Unit 2 was built at a cost of $600,000 dollars and is still in existence today (2008). The building is 4 stories tall and was designed as a preventorium hospital for children. The building was designed by Morgan Keast and features two wings jutting from a central pavilion. Unit 2 also features 2 indoor pools, library, 4 classrooms, an exercise room, single patient rooms, an auditorium, a movie theater, lounges, and a complete single family home for rehabilitation. The first floor of Unit 1 was for boys and nurses and the second floor was for girls. On Thursday June 22, 1939, while construction was almost complete on Unit 2, an explosion ripped through the west wing, completely destroying it.

In the 1950s Unit 1 was used to house the most critical patients. Men were located in the north wing and women were in the south wing. The worse the patients condition the higher the floor they were on. Unit 2 was for the least ill patients and was less constrictive than Unit 1. Patients in Unit 2 were required to get at least 4 ˝ hours of sleep and were allowed to sit on the lawn behind the building and could visit the movie theater in Unit 1. During the 50’s patients at the hospital wore pajamas and bathrobes that fell below the knees, men were required to shave once every 2 days, and smoking was discouraged, but allowed if permitted by a doctor. Patients in Unit 1 were allowed 1 week leave every 6 months and Patients in Unit 2 were allowed 2 weeks. Educational classes were required for children ages 6-18 and were voluntary for the adults. At the information desk in Unit 1 patients could buy bus tickets to anywhere in the United States and Mexico. In 1956 Unit 2 was acquired by the Pennsylvania Department of Public Welfare to house mentally retarded women. Unit 2 was returned to the Department of Health in 1960.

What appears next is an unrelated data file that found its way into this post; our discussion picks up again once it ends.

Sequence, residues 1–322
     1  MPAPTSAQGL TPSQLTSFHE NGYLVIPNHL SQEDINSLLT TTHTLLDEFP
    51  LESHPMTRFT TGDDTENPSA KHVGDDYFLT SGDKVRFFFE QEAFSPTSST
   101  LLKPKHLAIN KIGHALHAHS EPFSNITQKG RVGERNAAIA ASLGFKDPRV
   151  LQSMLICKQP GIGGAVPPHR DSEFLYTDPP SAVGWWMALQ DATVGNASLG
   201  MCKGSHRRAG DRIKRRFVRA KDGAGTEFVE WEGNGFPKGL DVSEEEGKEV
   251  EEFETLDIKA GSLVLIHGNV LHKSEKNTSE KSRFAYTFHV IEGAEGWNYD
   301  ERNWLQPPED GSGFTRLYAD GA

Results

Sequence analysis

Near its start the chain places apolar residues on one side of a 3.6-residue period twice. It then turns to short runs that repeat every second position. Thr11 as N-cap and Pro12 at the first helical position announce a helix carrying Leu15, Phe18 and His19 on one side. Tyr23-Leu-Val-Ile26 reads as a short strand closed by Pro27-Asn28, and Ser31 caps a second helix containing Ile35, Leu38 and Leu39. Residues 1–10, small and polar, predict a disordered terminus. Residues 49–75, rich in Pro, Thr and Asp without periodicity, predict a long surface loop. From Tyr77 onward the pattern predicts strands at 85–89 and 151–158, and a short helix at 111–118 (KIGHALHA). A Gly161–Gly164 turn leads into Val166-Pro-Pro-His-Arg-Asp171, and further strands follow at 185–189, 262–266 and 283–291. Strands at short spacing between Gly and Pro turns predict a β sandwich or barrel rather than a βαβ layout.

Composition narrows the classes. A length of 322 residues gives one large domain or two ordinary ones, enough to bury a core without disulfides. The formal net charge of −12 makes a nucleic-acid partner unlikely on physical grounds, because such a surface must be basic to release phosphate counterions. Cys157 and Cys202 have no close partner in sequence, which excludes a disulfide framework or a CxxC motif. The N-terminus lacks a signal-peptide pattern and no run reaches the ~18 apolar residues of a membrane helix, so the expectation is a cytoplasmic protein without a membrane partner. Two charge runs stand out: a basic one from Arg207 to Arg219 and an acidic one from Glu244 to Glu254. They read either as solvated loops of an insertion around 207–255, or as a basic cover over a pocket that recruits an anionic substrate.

In the 1950’s, patients could leave the hospital within months as opposed to years. In 1956 until 1968, the hospital was renamed Dr. Samuel G. Dixon. The Samuel G. Dixon State Hospital retained many of the same rules and regulations of previous years with more critical patients being housed in Unit 1. Despite the amount of daily activity at the sanatorium, signs were visible that it’s time as a tuberculosis facility had passed and in 1963, the sanatorium newsletter ‘Spunk’ produced its final edition. In 1965, the sanatorium became the South Mountain Geriatric Center and in February 1966, the Department of Health announced its intent to phase out tuberculosis treatment at the sanitarium to focus more on geriatric patients being housed in mental hospitals. The sanatorium’s name was changed one final time in 1968 to its current name of South Mountain Restoration Center. After a high patient count of about 1,100 in 1970, the center stabilized to approximately 800 and by the early 1990’s, the patient census dropped to 400. In 1992, a company by the name of Vision Quest opened a camp for troubled youths on the grounds and in October 1994, the Cornell Abraxas Leadership Development Program opened a residential training at the center similar to a military school. This group expanded to Unit 3 once all remaining residents were moved to Unit 1 and in 1997, the Secure Treatment Unit, which houses repeat offender youths, opened behind the Nurse’s Home.